High Temperature Superconductors for Commercial Magnets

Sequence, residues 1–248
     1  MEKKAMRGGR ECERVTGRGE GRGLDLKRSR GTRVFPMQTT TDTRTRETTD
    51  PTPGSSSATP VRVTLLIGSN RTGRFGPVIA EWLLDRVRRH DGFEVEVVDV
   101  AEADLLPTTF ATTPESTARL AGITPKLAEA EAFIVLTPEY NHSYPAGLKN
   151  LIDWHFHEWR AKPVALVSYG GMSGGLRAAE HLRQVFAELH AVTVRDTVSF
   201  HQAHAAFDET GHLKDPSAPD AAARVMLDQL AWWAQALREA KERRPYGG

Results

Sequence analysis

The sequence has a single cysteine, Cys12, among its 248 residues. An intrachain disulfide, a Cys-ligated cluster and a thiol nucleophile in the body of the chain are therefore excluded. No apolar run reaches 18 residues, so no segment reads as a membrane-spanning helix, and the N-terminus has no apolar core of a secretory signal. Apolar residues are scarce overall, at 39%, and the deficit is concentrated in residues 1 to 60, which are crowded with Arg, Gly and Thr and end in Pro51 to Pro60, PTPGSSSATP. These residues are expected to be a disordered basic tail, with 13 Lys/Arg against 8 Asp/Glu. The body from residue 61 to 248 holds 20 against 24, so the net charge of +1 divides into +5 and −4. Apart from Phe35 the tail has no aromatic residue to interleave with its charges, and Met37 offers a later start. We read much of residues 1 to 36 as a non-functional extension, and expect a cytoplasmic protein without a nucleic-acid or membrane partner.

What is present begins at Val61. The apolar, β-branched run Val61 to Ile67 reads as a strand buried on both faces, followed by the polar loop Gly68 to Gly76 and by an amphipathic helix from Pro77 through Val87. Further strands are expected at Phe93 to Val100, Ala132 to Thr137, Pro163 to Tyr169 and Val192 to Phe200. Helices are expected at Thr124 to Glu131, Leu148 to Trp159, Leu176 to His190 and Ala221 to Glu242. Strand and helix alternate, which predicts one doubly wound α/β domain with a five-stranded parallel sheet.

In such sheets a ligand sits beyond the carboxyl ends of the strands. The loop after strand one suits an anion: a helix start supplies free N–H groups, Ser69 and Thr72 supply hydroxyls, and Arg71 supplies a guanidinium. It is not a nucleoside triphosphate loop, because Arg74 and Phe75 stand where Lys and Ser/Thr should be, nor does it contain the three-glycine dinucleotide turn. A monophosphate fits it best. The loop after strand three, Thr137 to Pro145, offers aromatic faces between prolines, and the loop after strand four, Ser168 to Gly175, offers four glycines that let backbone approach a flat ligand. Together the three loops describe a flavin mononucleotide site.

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The steadily increasing magnetic fields that can be generated with superconducting magnets are reaching the limits of what is achievable with low-temperature superconductors (LTS). At the same time, a reduction of fossil-fuel extraction will amplify the already limited availability of helium as a coolant for superconducting magnets in the near future. Hence, manufacturers of commercial applications that rely on superconducting magnets have become increasingly interested in exploring technologies that enable a move beyond the magnetic-field limitations posed by LTS conductors, and/or enable higher operating temperatures to allow for cryogen-free operation. High-temperature superconductors (HTS), such as REBCO, Bi-2212, and Bi-2223 have all matured to a certain commercial extent, and have thereby become enablers for such technologies. The emergence of various new commercial magnet-systems that utilize HTS, suggests that we are at the dawn of a wider commercial implementation. A review of which HTS properties are critical for these magnets, what is currently available, and what is missing, is therefore considered timely and appropriate in this context.